Chilling suspense thrillers seem to be increasingly popular among readers of crime fiction. They move in a world that is a far cry from the novels that introduced me to murder mysteries many years ago, the novels of Dorothy L. Sayers, for example, with her genteel detective, Lord Peter Wimsey.
A straw in the wind: I recently read in the Harrowgate International Festival blog that chilling suspense thrillers lead the way in the 2012 Shortlist just announced for Theakstons Old Peculier Crime Novel of the Year award: “One of the most prestigious crime writing prizes in the country [UK], the 2012 short list reflects the ever increasing popularity of psychological and suspense-driven thrillers.”
I have often in this blog raised the question of why people read quite horrific thrillers for pleasure, but have not managed to provide answers to the question. After reviewing the sixth chiller thriller of the British author, Sally Spedding, I asked her some questions about this novel, Cold Remains, a novel as chilling as its title. Her answers give us some insight into her motives and methods.
These questions and answers were first published as Interview: Sally Spedding, Author of Cold Remains on Blogcritics.
Cold Remains is one of your most chilling thrillers. You have said in the past about your books, “I want to give people a fright.” Certainly you frightened me with this one! But I cannot believe that this is your only motive as a writer. You write extremely well, you plot brilliantly, you conjure up scenes with great skill—why, really, do you put your talents as a writer in the service of what some might call “horror?”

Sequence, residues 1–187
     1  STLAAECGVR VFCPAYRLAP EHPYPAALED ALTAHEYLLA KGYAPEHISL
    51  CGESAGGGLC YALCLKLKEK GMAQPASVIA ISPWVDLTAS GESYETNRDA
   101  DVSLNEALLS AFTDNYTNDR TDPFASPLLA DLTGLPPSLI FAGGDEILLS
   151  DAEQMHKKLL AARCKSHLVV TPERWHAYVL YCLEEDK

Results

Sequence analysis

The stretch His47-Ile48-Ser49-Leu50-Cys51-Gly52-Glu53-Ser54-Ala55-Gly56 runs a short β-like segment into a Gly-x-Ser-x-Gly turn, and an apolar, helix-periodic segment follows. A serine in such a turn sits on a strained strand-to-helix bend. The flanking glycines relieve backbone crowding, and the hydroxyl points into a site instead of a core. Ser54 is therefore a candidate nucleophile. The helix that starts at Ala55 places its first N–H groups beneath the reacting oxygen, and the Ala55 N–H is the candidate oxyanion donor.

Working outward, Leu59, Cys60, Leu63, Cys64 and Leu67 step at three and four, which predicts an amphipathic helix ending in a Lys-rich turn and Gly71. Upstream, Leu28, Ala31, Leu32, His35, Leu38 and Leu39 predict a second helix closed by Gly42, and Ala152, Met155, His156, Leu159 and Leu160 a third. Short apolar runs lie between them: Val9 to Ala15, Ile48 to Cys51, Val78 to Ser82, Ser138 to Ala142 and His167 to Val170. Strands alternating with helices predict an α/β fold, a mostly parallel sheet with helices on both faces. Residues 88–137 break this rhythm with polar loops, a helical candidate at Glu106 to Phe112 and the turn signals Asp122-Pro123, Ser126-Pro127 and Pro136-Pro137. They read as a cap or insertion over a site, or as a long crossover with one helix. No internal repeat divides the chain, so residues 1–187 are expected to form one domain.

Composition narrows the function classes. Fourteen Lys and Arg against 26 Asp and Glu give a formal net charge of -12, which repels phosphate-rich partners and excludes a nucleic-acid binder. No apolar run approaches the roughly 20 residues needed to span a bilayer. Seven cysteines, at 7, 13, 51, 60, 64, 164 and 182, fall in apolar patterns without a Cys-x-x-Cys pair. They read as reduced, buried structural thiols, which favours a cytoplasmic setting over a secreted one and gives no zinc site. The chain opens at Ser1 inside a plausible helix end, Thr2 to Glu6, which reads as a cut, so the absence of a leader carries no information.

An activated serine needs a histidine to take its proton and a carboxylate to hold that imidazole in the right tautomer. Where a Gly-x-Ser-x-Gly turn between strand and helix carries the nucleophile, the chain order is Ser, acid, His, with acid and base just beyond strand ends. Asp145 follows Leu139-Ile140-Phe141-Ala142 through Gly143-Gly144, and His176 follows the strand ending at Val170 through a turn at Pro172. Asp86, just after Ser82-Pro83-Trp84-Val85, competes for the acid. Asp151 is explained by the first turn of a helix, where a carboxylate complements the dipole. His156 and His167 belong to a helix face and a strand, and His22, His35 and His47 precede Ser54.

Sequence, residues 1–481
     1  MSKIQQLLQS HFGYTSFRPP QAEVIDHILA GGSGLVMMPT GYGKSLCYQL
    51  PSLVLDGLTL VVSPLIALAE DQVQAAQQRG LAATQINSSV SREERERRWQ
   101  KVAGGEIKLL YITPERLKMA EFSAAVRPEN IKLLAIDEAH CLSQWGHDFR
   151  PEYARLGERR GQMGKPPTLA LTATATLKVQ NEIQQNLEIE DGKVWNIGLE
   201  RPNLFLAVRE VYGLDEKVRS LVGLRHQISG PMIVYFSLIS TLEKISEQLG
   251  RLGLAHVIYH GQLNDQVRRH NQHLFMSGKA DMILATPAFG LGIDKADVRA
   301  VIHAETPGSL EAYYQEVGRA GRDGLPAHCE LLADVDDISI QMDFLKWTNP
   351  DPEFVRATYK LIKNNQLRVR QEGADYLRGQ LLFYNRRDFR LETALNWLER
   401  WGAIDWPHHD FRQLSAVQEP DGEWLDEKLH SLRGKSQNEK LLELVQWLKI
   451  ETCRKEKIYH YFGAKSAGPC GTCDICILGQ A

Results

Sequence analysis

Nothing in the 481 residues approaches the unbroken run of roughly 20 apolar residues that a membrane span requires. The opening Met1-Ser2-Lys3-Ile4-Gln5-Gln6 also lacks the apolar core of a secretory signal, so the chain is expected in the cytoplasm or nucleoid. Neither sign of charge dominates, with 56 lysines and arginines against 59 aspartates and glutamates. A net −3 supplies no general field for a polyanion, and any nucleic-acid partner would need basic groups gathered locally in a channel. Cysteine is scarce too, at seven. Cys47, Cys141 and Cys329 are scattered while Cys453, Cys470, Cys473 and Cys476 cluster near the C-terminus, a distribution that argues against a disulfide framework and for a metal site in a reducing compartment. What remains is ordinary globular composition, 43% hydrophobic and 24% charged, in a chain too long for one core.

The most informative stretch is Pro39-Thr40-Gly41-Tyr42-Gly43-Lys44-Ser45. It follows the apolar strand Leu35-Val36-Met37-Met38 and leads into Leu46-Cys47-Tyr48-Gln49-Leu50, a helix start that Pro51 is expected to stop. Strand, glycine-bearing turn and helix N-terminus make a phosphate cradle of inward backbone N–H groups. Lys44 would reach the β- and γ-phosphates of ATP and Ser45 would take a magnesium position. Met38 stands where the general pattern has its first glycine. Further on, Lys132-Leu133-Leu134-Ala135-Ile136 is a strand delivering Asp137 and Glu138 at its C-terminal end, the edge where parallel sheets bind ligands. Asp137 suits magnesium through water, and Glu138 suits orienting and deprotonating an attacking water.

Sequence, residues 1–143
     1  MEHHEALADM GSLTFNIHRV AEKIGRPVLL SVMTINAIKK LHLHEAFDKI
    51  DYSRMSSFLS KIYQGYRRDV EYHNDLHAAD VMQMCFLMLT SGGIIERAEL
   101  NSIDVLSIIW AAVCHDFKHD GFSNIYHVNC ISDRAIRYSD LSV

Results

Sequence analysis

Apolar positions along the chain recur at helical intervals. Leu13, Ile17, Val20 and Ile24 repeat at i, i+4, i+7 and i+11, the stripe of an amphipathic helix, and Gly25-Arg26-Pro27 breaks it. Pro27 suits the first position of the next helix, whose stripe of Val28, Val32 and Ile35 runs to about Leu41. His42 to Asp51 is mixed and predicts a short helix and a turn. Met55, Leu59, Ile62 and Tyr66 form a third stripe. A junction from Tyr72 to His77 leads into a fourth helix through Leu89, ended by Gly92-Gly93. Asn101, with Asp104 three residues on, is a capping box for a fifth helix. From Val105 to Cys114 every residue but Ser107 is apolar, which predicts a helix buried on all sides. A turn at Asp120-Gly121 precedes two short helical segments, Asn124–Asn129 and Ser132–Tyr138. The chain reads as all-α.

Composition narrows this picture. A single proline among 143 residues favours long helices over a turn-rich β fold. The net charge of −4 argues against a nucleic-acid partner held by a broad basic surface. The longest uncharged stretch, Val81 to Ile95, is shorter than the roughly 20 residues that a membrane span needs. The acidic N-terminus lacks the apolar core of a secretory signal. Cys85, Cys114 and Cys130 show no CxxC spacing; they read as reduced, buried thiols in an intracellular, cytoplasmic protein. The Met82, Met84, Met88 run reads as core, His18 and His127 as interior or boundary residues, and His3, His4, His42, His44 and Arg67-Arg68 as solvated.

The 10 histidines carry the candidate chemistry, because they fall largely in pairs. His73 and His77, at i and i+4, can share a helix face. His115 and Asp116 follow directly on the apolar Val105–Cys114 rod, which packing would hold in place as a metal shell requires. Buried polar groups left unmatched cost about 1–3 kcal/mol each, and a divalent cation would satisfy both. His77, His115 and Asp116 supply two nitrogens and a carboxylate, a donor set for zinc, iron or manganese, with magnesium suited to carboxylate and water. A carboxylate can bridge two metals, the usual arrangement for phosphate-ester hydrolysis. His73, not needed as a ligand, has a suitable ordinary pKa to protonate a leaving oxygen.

An interesting question which I usually shirk , not because to answer it honestly might lead some readers to think I carry too much ‘baggage,’ but because I have always possessed a heightened sense of the darkness in those people surrounding me and in the world at large, past, present and future.
I totally agree with the statement by one of Anne Enright’s characters in The Gathering, that ’people don’t change, they just reveal themselves.’ And it’s these revelations which have incrementally shifted the tectonic plates of trust and naivety that once—optimistically—underpinned my existence. So my characters, such as Jason and Helen in Cold Remains will also have had their perceptions altered for ever.
Tennyson’s ‘little lacerations of the spirit’ are, to me, just as lasting as more obvious aberrations. They are the destroyers of dreams.
So I hope the ‘horror’ element in my work is rather more subtle than bloodied slash-fests.
One aspect of the ‘horror’ element in your work is the presence of ghosts. There are certainly ghosts in Cold Remains. One in particular might be called a main character, a mainspring of the plot. Heron House, the setting of the novel, is haunted in a terrifying and ugly way. This is perhaps a naïve question, but do you actually believe in ghosts? And if not, isn’t it in a way cheating to let a ghost so strongly affect the action of what is in many ways a realistic novel?
I do absolutely believe in ghosts—or energies from those no longer with us—because I have experienced at first hand, the most extraordinary and inexplicable events. Even as I type this, the lounge door has just suddenly opened with a sharp ‘click,’ and I’m ‘alone’ in the house. It’s our dog who died two years’ ago, who always did that. That’s fine, but other incidents have put me in fear for my life.